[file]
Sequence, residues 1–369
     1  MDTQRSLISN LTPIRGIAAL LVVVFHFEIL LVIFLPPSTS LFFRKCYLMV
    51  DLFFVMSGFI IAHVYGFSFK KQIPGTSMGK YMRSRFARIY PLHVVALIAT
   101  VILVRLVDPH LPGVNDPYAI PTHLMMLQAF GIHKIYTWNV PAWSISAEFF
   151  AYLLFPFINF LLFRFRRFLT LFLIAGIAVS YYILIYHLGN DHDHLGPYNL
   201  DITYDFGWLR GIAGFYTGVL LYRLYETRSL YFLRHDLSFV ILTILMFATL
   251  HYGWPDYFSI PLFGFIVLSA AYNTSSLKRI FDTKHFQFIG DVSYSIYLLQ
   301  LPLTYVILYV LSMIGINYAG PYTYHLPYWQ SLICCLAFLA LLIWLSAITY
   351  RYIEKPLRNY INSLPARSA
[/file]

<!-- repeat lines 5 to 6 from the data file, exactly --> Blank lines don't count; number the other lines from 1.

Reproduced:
   151  AYLLFPFINF LLFRFRRFLT LFLIAGIAVS YYILIYHLGN DHDHLGPYNL
   201  DITYDFGWLR GIAGFYTGVL LYRLYETRSL YFLRHDLSFV ILTILMFATL